Tortolano v. Lemuel Shattuck Hospital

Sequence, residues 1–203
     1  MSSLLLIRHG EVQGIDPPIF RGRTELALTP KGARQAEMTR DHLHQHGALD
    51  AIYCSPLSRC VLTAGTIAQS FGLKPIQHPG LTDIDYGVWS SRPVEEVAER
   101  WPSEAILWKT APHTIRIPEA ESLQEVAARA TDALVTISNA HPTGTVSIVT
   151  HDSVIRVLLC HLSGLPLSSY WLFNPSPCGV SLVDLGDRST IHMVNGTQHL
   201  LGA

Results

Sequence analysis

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NOTICE: All slip opinions and orders are subject to formal revision and are superseded by the advance sheets and bound volumes of the Official Reports. If you find a typographical error or other formal error, please notify the Reporter of Decisions, Supreme Judicial Court, John Adams Courthouse, 1 Pemberton Square, Suite 2500, Boston, MA, 02108-1750; (617) 5571030; 17-P-631 Appeals Court ANDREA M. TORTOLANO vs. LEMUEL SHATTUCK HOSPITAL. No. 17-P-631. Middlesex. Present: April 10, 2018. - August 20, 2018. Green, C.J., Desmond, & Englander, JJ. Massachusetts Wage Act. Contract, Performance and breach. Labor, Failure to pay wages, Overtime compensation, Collective bargaining. Public Employment, Collective bargaining. Civil action commenced in the Superior Court Department on December 28, 2015. Motions to dismiss were heard by Elizabeth M. Fahey, J. Suzanne L. Herold for the plaintiff. Anne M. McLaughlin, Assistant Attorney General, for the defendant. ENGLANDER, J. In this case, we consider whether Andrea Tortolano, a State employee, can bring claims in the Superior 2 Court against Lemuel Shattuck Hospital (hospital or defendant)1 for breach of contract and for nonpayment of overtime wages in violation of G. L. c. 149, § 30B.2 The motion judge (1) dismissed Tortolano's breach of contract claim on the ground that she failed to exhaust the grievance procedure set forth in the applicable collective bargaining agreement (CBA), and (2) dismissed the nonpayment of overtime wages claim on the ground that there is no private right of action for violations of § 30B. For the reasons that follow, we affirm. Background. We summarize the relevant facts as set forth in the amended complaint, reserving some details for further discussion. See Dartmouth v. Greater New Bedford Regional Vocational Technical High Sch. Dist., 461 Mass. 366, 368 (2012). On February 4, 2008, Tortolano starting working as a physician's assistant at the hospital. Her employment was governed by the CBA between the Commonwealth and the Massachusetts Nurses The Commissioner of Public Health has "general supervision and control" of Lemuel Shattuck Hospital. G. L. c. 111, § 69E, as appearing in St. 1975, c. 752, § 4. 1 General Laws c. 149, § 30B, as amended by St. 1960, c. 762, § 1, provides, in pertinent part: 2 "All service in excess of eight hours in any one tour of duty or forty hours in any one work week rendered by any employee of the commonwealth . . . shall be compensated for at the rate of one and one half times the regular hourly rate of said employee for every hour or fraction thereof of such services rendered." 3 Association, State Chapter of Health Care Professionals, Unit 7 (union). Pursuant to the CBA, Tortolano was entitled to time and one-half overtime pay for work performed in excess of forty hours per week, including for time spent "on call" while at home. The CBA also set forth a grievance procedure for resolving disputes between an employee and the employer. In the fall of 2014, Tortolano's union representative filed three grievances on her behalf with the hospital. One of those grievances alleged that the hospital had failed to pay her for time spent "on call" while at home. any action on any of the grievances. The hospital did not take Thereafter, Tortolano did not take any further steps in the grievance process. Instead, Tortolano filed a complaint against the hospital with the Attorney General, alleging, among other things, nonpayment of wages and overtime pay violations. In response, the Attorney General's office sent Tortolano a letter dated November 23, 2015, which stated that it had "carefully reviewed the complaint," and that it had "determined that the proper resolution of this matter may be through a private suit in civil court." The letter stated that G. L. c. 149, § 150, and G. L. c. 151, §§ 1B and 20, "establish a private right of action for employees who believe they are victims of certain violations of the state wage laws." The letter concluded that it represented "written assent to sue and grant[ed Tortolano] the authority to 4 pursue this matter against the employer . . . as permitted by [G. L. cc.] 149 and 151." Finally, the Attorney General's office stated that it would "not take further enforcement action at this time." Tortolano commenced this action in December of 2015. The original complaint contained four counts against the hospital, alleging violations of G. L. c. 149, §§ 148 and 150 (failure to pay wages) (count 1); G. L. c. 151, § 1A (failure to pay overtime wages) (count 2); G. L. c. 151, § 15 (failure to keep accurate payment records) (count 3); and breach of contract (count 4). After the defendant filed an initial motion to dismiss, Tortolano amended her complaint to add a fifth count, invoking G. L. c. 149, § 30B. There were two successive motions to dismiss filed with respect to Tortolano's claims. In ruling on the first motion, the judge dismissed the first three counts of Tortolano's complaint, relating to purported violations of the Commonwealth's wage laws other than G. L. c. 149, § 30B.3 The judge denied the hospital's motion with respect to the breach of These counts were dismissed because the particular statutory provisions invoked either did not apply to Tortolano or otherwise did not give rise to a claim. For example, G. L. c. 151, § 1A, which provides rights to overtime pay, does not apply to employees of a "hospital." See G. L. c. 151, § 1A(16), as appearing in St. 1969, c. 108. Tortolano does not challenge the motion judge's dismissal of counts 1 through 3. 3 5 contract claim, however, accepting Tortolano's allegations that she had exhausted her administrative remedies by filing a complaint with the Attorney General's office, and that the hospital had repudiated or nullified the CBA by ignoring her grievances. After Tortolano amended her complaint to add the § 30B claim, the hospital filed a second motion to dismiss. As to Tortolano's breach of contract claim, the hospital this time attached the sections of the CBA setting forth the grievance procedure. The hospital urged that Tortolano had failed to exhaust that procedure, because under the CBA she could have, but did not, continue to pursue her grievances after the hospital failed to respond to her initial filings. The hospital also moved to dismiss the newly added fifth count of Tortolano's amended complaint, on the ground that there is no private right of action to enforce G. L. c. 149, § 30B. In a decision dated January 20, 2017, the judge accepted the hospital's arguments and dismissed both the § 30B and contract claims. Judgment entered for the hospital, and the present appeal followed. Discussion. 1. Standard of review. In reviewing the allowance of a motion to dismiss under Mass.R.Civ.P. 12(b)(6), 365 Mass. 754 (1974), we accept the factual allegations in a plaintiff's complaint, and any favorable inferences reasonably drawn therefrom, as true. See Ginther v. Commissioner of Ins., 6 427 Mass. 319, 322 (1998). Our review is de novo. See Curtis v. Herb Chambers I-95, Inc., 458 Mass. 674, 676 (2011). "[W]e look beyond the conclusory allegations in the complaint and focus on whether the factual allegations plausibly suggest an entitlement to relief." Ibid. See Iannacchino v. Ford Motor Co., 451 Mass. 623, 635-636 (2008). 2. Breach of contract. Tortolano contends that the judge erred in dismissing her breach of contract claim on the ground that she failed to exhaust the grievance procedure in the CBA. There was no error.4 In general, where a collective bargaining agreement includes a grievance procedure, "failure to pursue contractual grievance procedures bars suit against the employer." v. School Comm. of Watertown, 404 Mass. 23, 25 (1989). Johnston See Contrary to Tortolano's argument, the hospital was not precluded from asking the judge to revisit the legal sufficiency of Tortolano's breach of contract claim. A judge is not precluded from reconsidering a prior decision. See Peterson v. Hopson, 306 Mass. 597, 602 (1940) ("[A] judge may modify a decision already announced, so long as the case has not passed beyond the power of the court"). Matters of case management are within the discretion of the judge. See Eagle Fund, Ltd. v. Sarkans, 63 Mass. App. Ct. 79, 85 (2005). Nor was it incorrect for the judge to consider the portions of the CBA that the hospital attached to its second motion, where the CBA was the basis for the contract claim. See Golchin v. Liberty Mut. Ins. Co., 460 Mass. 222, 224 (2011), S.C., 466 Mass. 156 (2013) (automobile insurance policy relied on by plaintiff in framing complaint could be attached to motion to dismiss). See also Marram v. Kobrick Offshore Fund, Ltd., 442 Mass. 43, 45 & n.4 (2004). 4 7 O'Brien v. New England Tel. & Tel. Co., 422 Mass. 686, 695 (1996). "Employees may not simply disregard the grievance procedures set out in a collective labor contract and go direct to court for redress against the employer." Balsavich v. Local 170, Intl. Bhd. of Teamsters, 371 Mass. 283, 286 (1976). Section 25.2 of the CBA sets forth a four-step grievance procedure for resolving disputes under the CBA. The first step is for an employee or the union to submit a written grievance to the hospital, which, in turn, shall provide a written response to the grievance within seven days. If either the employee or the union is dissatisfied with the grievance decision, the CBA provides, in steps 2 and 3, for two more appeals within the hospital, after which arbitration may be invoked. Importantly, section 25.6 of the CBA further provides that if the hospital exceeds any time limit for responding, the employee or the union may assume that the grievance has been denied and may invoke the next step of the procedure, except that only the union may request arbitration in the fourth step. Here, the grievance procedure was never exhausted because neither Tortolano nor the union proceeded beyond step 1. Pursuant to the CBA's express terms, when the hospital did not respond to Tortolano's grievances within the prescribed time period, the grievances were deemed denied, and either Tortolano or the union was permitted to invoke the second step of the 8 process. Tortolano could have done so, without the union's involvement. Rather than continue with the grievance process, however, Tortolano brought this lawsuit. This case accordingly is controlled by Johnston, 404 Mass. at 24-25. In that case, the court considered whether an employee's failure to pursue contractual grievance procedures when faced with union inaction barred a breach of contract claim against his employer. There, the union refused to represent the employee in pursuing his claim for overtime pay because the union determined that the claim lacked merit. The court stated that, even if it assumed that the union had failed to fulfil its duty of fair representation, the employee had the right, under the collective bargaining agreement, to pursue his grievance independent of the union. Given that the employee had not fully complied with the agreement's grievance procedure, he could not pursue his contract claim against the employer in court. ibid. See Moreover, the Johnston court made clear that, except in limited circumstances not present here, any claim by the public employee against the union for breach of the duty of fair representation must be presented first to the Labor Relations Commission (now the Department of Labor Relations, see G. L. c. 150E, § 11, as amended through St. 2011, c. 3, §§ 141-143), not to a trial court. See id. at 26-27. 9 Johnston thus establishes that Tortolano's contract claim must be dismissed. The grievance procedure was not exhausted before this suit was filed. Although this case differs from Johnston in that here the union invoked the first step of the grievance procedure, Tortolano could have progressed through the next two steps without the union's involvement, and Tortolano does not allege or argue that she was inhibited from doing so. Moreover, even if the union was at fault for the failure to exhaust, Tortolano's remedy was to seek relief from the Department of Labor Relations, before resorting to the courts. See ibid. She did not do so. Finally, Tortolano cannot avoid the grievance process by pointing to the inaction of the employer. The CBA expressly contemplated such inaction, by providing that the employer's failure to respond constituted a denial of the grievance, thereby permitting the employee to move forward in the process. The hospital's unresponsiveness to Tortolano's grievances therefore did not constitute a repudiation or nullification of the grievance machinery -- she needed to continue pursuing the grievance procedure set forth in the CBA. See Balsavich, 371 Mass. at 286; Azzi v. Western Elec. Co., 19 Mass. App. Ct. 406, 408-409 (1985). 3. Violation of G. L. c. 149, § 30B. Tortolano next contends that the motion judge erred in ruling that she had no 10 private right of action under G. L. c. 149, § 30B. She asserts that the statute must be broadly construed to effectuate its purpose of protecting the right of public employees to overtime wages. See generally Crocker v. Townsend Oil Co., 464 Mass. 1, 13 (2012) ("[T]he legislative purpose behind the Wage Act . . . is to provide strong statutory protection for employees and their right to wages"). Moreover, Tortolano argues that the letter she received from the Attorney General's office authorized her to file this suit, thereby in essence conferring upon her a private right of action. The judge did not err in dismissing this claim. There is no express private right of action for violations of G. L. c. 149, § 30B, so the question is whether one should be inferred in light of the statutory scheme and the Legislature's purpose and intent. See Loffredo v. Center for Addictive Behaviors, 426 Mass. 541, 543 (1998). See also Salvas v. Wal- Mart Stores, Inc., 452 Mass. 337, 373 (2008). the intent of the Legislature. The touchstone is In evaluating intent, one important consideration is what enforcement provisions are set forth in the statute itself. See ibid. With respect to c. 149, the general enforcement power is vested in the Attorney General: "The attorney general shall, except as otherwise specifically provided, enforce the provisions of this 11 chapter, and shall have all necessary powers therefor" (emphasis added). G. L. c. 149, § 2, as amended by St. 1996, c. 151, § 368. Importantly, there are several provisions of c. 149 that grant express private rights of action for violations of certain sections of the statute, but none that provide a right of action with respect to § 30B. See, e.g., G. L. c. 149, § 27 (employee aggrieved by violation of prevailing wage law may initiate civil action after filing complaint with Attorney General); G. L. c. 149, § 150, as amended through St. 2014, c. 505, § 2 (employee aggrieved by violation of G. L. c. 149, §§ 33E, 52E, 148, 148A, 148B, 148C, 150C, 152, 152A, 159C, or 190, or by violation of G. L. c. 151, § 19, may "institute and prosecute in his own name and on his own behalf . . . a civil action for injunctive relief, for any damages . . . , and for any lost wages" after filing complaint with Attorney General); G. L. c. 149, § 185(d) (employee subject to retaliation may institute civil action in Superior Court). The question here is in large part controlled by the reasoning in Salvas, 452 Mass. at 372-373, which held that there is no private right of action under another section of c. 149 -§ 100 (requiring meal breaks for employees). As Salvas points out, the many express private rights of action in c. 149 demonstrate that the Legislature knows how to confer a private 12 right of action when it so intends, and the c. 149 provisions are a strong indication that no further private rights of action should be inferred. See id. at 373. Moreover, the Massachusetts courts are "reluctant to infer a private cause of action from a statute in the absence of some indication from the Legislature supporting such an inference." at 544. Loffredo, 426 Mass. See Transamerica Mort. Advisors, Inc. v. Lewis, 444 U.S. 11, 19 (1979) ("[I]t is an elemental canon of statutory construction that where a statute expressly provides a particular remedy or remedies, a court must be chary of reading others into it"). The express language of G. L. c. 149, § 2, authorizing enforcement of c. 149 by the Attorney General unless otherwise specifically provided, coupled with the granting of private rights of action in certain sections of c. 149, but none encompassing § 30B or in § 30B itself, signifies that the provisions of § 30B can be enforced only by the Attorney General. See Salvas, 452 Mass. at 373; Mello Constr., Inc. v. Division of Capital Asset Mgmt., 84 Mass. App. Ct. 625, 629-630 (2013). Finally, we turn to the matter of the letter from the Attorney General's office. Tortolano's argument in this court - - that the letter conferred on her the right to bring an action in her own name under G. L. c. 149, § 30B -- was not raised in either her amended complaint or in her opposition to the 13 hospital's motion to dismiss the fifth count of that complaint.5 Accordingly, this argument was waived. Mass. App. Ct. 334, 338 (1997). See Palmer v. Murphy, 42 See also Carey v. New England Organ Bank, 446 Mass. 270, 285 (2006). Even if it had been properly raised, however, the argument would fail. As indicated, under the statutory scheme, the authority to enforce G. L. c. 149, § 30B, rests with the Attorney General. See G. L. c. 149, § 2. Tortolano asserts that the Attorney General's letter passed the enforcement power on to her, but we do not agree. First, the letter did not appoint Tortolano, or her counsel, to act as a special assistant attorney general, working on behalf of and subject to the Attorney General's control. See generally G. L. c. 12, § 3 (attorney general shall appear for Commonwealth, and "[a]ll such suits and proceedings shall be prosecuted or defended by [her] or under [her] direction"); New England Div. of the Am. Cancer Soc. v. Commissioner of Admin., 437 Mass. 172, 173 n.5 (2002). Pursuant to G. L. c. 149, § 150, Tortolano did institute a civil action "in [her] own name and on [her] own behalf" for alleged violations of G. L. c. 149, § 148. Section 148, however, states that it "shall not apply to an employee of a hospital which is supported in part by contributions from the commonwealth . . . unless such employee requests such hospital to pay [her] weekly." G. L. c. 149, § 148, as appearing in St. 1956, c. 259. Because Tortolano did not request weekly payment of her wages, her claim under § 148 was dismissed, and she has not challenged that determination. 5 14 Indeed, the suit is not brought on behalf of the Commonwealth -Tortolano is the named plaintiff. Second, while the letter does authorize Tortolano to bring a private right of action under some sections of c. 149, the Attorney General was without power to confer such a private right of action with respect to § 30B. Where, as discussed above, the Legislature has not provided a private right of action, the Attorney General cannot create an alternative enforcement mechanism by unilaterally conferring such a private right of action on an individual.6 See Local 1445, United Food & Commercial Wkrs. Union v. Police Chief of Natick, 29 Mass. App. Ct. 554, 558 (1990).7 The letter from the Attorney General's office appears to be a form letter that is generated in response to the filing of a complaint for, among other matters, nonpayment of wages. The letter certainly can be misconstrued, however, because it suggests that a claimant can take a course of action to remedy statutory violations which, in fact, may not be available. For example, although the letter can be read as authorizing Tortolano to bring an expedited lawsuit under G. L. c. 149, § 150, which she did, see note 5, supra, it turns out that Tortolano was not eligible for relief under that section. While the Attorney General contended, at argument, that the letter only assents to those lawsuits "permitted by [G. L. c.] 149," such is not the most natural reading of the letter. 6 We acknowledge that the various provisions of G. L. cc. 149 and 151 combine for a rather unfortunate result in Tortolano's case. The express private right of action under G. L. c. 149, § 150, does not apply to violations of § 30B, and because Tortolano is an employee of a State hospital, she falls outside the protection of other provisions of the statutes. 7 15 Conclusion. For the foregoing reasons, there was no error in the dismissal of the amended complaint. Judgment affirmed.